Framing Apple’s iPhone keynote

This year’s iPhone event is done and dusted, and now we’re all sitting in the interregnum between the announcements and the reviews. I’ve been lucky enough to live blog these events for years, but the process of creating a live blog is weird. I was taking photos for the site during the keynote, and since I’m a “spray and pray” kind of photographer, I took upwards of 1,600 photos in just a couple of hours.

I point that out just to say that my attention was more focused on what Apple was doing than the reaction to it. I only had so much bandwidth, and most of it was taken up by the camera. So when I had a chance later to look at all the coverage (and Twitter jokes), it didn’t come as a huge surprise to see that there was a lot of shrugging…

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The DelFly Nimble robot can fly like a real insect

A research project from the Delft University of Technology in the Netherlands created the latest iteration of the DelFly robot called the Nimble. It’s a super agile robot with a quad-wing flapping system, and it’s capable of flying just as nimbly as a real winged insect.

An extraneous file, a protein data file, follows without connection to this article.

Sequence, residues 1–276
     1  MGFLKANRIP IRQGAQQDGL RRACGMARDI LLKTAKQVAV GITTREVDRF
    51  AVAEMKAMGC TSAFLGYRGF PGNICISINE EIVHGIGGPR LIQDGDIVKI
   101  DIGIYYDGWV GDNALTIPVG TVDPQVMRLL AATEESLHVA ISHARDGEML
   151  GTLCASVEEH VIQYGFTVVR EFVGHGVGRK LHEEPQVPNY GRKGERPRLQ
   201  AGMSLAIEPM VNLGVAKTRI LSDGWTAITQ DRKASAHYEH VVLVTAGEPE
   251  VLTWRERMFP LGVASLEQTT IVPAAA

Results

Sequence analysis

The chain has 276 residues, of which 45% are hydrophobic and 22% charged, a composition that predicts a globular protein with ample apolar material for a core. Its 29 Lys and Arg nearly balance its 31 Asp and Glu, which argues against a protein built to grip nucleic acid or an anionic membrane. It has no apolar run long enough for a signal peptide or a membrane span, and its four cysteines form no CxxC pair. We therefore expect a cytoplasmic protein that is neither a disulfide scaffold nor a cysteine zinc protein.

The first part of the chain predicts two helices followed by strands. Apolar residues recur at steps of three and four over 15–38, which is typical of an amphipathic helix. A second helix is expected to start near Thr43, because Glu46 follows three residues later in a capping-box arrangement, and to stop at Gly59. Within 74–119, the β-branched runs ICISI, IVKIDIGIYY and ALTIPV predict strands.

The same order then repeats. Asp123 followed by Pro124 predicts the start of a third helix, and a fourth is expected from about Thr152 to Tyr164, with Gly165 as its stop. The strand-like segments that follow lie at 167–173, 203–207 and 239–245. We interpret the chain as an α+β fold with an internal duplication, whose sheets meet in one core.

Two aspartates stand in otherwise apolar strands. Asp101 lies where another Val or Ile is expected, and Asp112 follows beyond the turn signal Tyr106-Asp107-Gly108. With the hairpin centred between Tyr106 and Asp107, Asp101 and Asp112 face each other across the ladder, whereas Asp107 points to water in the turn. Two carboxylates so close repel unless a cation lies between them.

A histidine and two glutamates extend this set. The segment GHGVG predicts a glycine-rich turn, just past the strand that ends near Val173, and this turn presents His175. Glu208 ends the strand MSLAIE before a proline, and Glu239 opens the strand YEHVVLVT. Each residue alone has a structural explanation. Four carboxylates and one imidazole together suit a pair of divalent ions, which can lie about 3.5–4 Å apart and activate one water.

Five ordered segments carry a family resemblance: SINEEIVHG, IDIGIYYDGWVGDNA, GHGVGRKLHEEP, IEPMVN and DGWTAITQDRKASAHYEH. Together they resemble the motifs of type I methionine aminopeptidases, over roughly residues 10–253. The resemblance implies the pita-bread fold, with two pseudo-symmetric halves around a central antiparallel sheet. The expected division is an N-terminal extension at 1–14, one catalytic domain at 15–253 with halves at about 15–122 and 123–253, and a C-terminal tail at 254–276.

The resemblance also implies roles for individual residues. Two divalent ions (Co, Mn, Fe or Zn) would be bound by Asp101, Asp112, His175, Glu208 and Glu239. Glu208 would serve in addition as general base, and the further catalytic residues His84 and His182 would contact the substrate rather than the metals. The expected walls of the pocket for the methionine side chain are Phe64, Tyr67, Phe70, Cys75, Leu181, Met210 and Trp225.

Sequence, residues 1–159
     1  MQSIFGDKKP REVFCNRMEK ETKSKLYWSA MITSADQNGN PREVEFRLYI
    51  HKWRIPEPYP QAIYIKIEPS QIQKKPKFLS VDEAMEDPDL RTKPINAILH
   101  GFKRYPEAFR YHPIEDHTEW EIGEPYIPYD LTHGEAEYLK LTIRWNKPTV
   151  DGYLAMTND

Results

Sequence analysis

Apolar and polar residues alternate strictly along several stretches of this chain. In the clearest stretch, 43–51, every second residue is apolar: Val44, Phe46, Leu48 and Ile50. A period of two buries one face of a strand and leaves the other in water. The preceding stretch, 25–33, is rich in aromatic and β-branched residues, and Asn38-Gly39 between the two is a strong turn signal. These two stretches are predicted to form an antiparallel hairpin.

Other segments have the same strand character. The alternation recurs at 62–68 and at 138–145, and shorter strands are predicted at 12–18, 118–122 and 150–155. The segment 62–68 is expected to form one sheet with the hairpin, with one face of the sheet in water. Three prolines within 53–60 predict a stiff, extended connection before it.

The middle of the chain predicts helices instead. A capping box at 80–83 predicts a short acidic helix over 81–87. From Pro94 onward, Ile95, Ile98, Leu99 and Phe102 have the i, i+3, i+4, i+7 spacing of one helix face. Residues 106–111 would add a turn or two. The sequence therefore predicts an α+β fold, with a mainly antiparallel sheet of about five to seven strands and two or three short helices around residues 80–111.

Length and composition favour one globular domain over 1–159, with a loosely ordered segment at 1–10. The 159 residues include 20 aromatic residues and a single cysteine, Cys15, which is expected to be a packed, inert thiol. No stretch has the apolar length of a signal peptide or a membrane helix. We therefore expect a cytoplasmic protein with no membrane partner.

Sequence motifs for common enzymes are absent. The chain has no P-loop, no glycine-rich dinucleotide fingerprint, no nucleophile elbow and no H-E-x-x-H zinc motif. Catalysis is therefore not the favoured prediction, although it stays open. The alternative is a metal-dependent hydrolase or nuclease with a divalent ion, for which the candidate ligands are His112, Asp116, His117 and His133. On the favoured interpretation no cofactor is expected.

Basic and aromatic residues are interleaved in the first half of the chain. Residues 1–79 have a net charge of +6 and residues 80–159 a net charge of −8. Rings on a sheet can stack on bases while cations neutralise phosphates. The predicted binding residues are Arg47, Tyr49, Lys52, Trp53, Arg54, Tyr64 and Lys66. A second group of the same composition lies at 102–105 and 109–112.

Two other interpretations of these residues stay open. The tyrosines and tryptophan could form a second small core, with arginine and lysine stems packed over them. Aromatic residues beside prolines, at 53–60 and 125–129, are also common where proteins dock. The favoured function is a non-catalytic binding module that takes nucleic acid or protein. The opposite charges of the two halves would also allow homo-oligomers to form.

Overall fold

Using its four wings, the DelFly can control three axes of flight, and it goes left or right by changing the way each one of its wings flap. It’s eerily similar to a real insect. Currently, the DelFly can fly around for more than five minutes on a full battery with a range of more than 1 kilometer (0.62 miles).

You might be asking yourself, “What can a flying robot be used for?” The DelFly’s project page states…

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Viruses under the microscope

Human herpesviruses such as HHV-6 can remain dormant in cells for many years without being noticed. When reactivated, they can cause serious clinical conditions. Researchers have now found a way of differentiating between active and inactive viruses.